Explainer: Who is Japan’s Princess Mako, and why has she lost her royal status now that she is married?

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Yanni ChowClara Ki Lu
  • The royal finally married her college sweetheart Kei Komuro after a four-year engagement, but not everyone was happy about it
  • Princess Mako reportedly suffered mental health trauma due to stress and public criticism
Yanni ChowClara Ki Lu |
Published: 
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Japanese Princess Mako leaves her family’s residence in the Akasaka Estate in Tokyo on Oct. 26, 2021. The Imperial Household Agency submitted legal paperwork the same day to register her marriage to her commoner boyfriend Kei Komuro on their behalf. Photo: Kyodo

After knowing each other since 2012 and battling through three years of a long-distance relationship, including a 13-hour time difference, Japan’s Princess Mako finally married her college sweetheart, Kei Komuro, on Tuesday.

Sounds like a fairy tale, doesn’t it? Well, it’s far from that.

Princess Mako has lost her royal status after getting married with Komuro, a commoner. Public criticism, stress, and mental health trauma surrounded the wedding.

Here’s what you need to know about the saga.

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Who is Kei Komuro?

Kei Komuro, 30, is an aspiring lawyer who took the New York state bar exam in July and is reportedly working at a law firm in the US. He earned his law degree from Fordham University, also in New York.

Kei Komuro leaves his house in Yokohama, Kanagawa Prefecture on October 26, 2021. Photo: AFP

When did Princess Mako and Kei Komuro get engaged?

Princess Mako, niece of Emperor Naruhito, first met Komuro in 2012 when they were both students at Tokyo’s International Christian University. They got engaged in September 2017 and planned to marry the following year.

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How did Japan react to their decision?

The public was not pleased with the match, as Komuro was deemed unfit for a royal daughter after scandals involving his mother emerged in 2018 and the wedding was postponed.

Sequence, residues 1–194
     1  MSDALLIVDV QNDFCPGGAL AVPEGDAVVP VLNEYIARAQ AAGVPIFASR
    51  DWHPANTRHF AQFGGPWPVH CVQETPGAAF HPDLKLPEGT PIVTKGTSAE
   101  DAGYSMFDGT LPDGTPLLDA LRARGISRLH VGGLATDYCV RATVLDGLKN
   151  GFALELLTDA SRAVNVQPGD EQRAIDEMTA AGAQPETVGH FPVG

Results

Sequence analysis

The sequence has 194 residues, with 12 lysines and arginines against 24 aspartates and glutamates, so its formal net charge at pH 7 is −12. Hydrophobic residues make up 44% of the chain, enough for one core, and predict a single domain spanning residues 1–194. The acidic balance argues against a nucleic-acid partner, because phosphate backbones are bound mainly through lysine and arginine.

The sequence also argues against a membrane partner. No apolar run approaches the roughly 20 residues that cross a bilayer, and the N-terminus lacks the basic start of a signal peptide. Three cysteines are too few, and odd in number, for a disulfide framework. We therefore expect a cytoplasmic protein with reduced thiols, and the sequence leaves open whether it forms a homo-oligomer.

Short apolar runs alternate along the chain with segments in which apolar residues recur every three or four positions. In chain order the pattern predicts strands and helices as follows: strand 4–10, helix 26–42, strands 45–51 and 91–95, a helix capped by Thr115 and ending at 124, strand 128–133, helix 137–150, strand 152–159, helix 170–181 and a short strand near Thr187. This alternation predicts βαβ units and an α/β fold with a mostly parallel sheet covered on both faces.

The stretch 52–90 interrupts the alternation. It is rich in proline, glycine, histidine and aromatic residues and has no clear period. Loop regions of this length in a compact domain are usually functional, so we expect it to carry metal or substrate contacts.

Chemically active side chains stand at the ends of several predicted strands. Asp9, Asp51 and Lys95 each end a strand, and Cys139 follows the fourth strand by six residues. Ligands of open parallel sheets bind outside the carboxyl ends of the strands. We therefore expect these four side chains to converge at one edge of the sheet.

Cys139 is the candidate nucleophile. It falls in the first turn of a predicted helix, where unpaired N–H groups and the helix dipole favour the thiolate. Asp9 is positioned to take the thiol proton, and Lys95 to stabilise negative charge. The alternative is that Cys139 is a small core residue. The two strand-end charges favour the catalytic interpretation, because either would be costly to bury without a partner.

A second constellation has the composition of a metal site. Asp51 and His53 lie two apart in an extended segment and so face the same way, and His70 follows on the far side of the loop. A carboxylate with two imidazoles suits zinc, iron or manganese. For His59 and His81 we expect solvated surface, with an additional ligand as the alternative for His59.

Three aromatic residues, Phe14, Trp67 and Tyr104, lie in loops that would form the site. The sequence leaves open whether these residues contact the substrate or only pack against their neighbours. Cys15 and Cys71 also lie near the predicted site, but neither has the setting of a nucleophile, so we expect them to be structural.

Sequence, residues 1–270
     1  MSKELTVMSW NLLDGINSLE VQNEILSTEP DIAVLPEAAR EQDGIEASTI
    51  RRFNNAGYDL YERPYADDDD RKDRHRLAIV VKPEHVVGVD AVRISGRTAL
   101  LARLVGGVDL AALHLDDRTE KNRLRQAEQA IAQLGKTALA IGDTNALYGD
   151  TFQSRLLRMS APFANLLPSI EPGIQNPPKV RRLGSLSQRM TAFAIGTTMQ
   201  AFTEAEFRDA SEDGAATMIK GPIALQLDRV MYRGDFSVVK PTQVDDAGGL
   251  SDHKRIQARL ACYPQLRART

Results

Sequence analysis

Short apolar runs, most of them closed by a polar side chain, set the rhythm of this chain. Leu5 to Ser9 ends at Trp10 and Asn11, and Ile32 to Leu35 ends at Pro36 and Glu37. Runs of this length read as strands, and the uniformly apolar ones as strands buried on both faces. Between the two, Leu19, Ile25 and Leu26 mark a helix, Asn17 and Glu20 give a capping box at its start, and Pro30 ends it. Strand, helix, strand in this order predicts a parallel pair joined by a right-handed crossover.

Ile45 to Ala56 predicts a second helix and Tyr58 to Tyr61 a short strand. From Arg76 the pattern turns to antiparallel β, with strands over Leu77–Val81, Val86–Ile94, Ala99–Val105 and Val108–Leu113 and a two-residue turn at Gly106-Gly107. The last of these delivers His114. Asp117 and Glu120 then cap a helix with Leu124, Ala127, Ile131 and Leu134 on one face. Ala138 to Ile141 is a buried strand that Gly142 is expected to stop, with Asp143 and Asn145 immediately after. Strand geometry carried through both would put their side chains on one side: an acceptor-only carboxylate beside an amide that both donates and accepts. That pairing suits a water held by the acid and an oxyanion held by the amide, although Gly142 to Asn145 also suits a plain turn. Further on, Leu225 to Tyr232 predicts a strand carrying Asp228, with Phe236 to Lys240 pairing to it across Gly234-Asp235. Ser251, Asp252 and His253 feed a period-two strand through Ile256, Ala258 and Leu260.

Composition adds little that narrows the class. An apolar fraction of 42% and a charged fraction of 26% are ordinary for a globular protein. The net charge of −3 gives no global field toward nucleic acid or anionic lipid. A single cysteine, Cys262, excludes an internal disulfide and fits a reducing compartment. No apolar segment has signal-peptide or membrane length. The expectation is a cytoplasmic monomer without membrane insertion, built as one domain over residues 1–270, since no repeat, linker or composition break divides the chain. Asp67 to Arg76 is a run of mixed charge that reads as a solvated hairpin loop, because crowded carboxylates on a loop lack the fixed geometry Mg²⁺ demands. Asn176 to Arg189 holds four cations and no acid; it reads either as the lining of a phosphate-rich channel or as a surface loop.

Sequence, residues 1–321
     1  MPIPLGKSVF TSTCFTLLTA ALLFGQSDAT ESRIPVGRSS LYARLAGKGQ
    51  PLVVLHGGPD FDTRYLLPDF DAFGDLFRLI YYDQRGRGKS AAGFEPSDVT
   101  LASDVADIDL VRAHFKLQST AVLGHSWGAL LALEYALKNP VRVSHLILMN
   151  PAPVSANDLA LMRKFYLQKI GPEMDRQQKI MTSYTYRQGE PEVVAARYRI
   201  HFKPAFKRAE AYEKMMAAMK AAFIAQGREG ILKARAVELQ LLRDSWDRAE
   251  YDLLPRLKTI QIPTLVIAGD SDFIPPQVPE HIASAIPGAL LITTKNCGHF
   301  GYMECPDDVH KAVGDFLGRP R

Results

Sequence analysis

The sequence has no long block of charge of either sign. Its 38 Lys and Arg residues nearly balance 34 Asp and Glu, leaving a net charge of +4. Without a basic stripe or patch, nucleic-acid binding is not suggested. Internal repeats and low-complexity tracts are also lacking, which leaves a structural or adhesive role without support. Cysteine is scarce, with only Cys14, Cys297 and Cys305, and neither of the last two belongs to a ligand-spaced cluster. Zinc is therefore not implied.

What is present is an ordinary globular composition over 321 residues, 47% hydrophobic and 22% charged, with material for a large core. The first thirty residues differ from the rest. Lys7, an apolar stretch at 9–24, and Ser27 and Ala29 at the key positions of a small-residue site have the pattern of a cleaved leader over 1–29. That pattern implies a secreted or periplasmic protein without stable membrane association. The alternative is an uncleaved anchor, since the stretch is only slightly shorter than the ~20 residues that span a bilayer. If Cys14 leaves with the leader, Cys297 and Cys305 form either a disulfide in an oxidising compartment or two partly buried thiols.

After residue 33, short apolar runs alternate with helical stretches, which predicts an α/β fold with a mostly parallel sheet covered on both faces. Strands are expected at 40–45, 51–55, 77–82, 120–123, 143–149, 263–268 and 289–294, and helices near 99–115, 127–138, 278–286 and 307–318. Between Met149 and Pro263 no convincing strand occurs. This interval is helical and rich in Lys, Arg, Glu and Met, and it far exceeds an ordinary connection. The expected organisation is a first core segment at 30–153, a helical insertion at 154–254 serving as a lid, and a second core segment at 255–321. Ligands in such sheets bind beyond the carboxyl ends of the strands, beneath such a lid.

Crown Prince Akishino, Mako’s father, begrudgingly approved of the marriage in 2020.

“If they are really serious about getting married, I think that as parents, we should respect their feelings,” Crown Prince Akishino said in a 2020 press conference.

Some members of the public protested the wedding, with many holding posters that expressed their objection towards the marriage.

Protesters hold banners during a march against the marriage between Japan’s Princess Mako and her fiancé Kei Komuro. Photo: Reuters

What is the scandal surrounding Komuro?

The controversy began when reports surfaced regarding a financial disagreement between Komuro’s mother and her former boyfriend.

It was reported that Komuro’s mother failed to repay her ex US$35,200 (HKD$273,643) that he lent her to cover Komuro’s university education. Earlier this year, Komuro released a 28-page statement explaining that his mother thought the money was a gift, but the damage was already done.

Another recent scandal involving Komuro was that he recently returned to Japan sporting a ponytail – with the public saying that his hairstyle was not suitable for a man about to marry a princess.

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What happened to the princess during the engagement?

Princess Mako reportedly developed complex post-traumatic stress disorder as a result of the pressure she received from the public, and from the intense media scrutiny targeting her engagement, the Imperial Household Agency said in a news conference held earlier this month.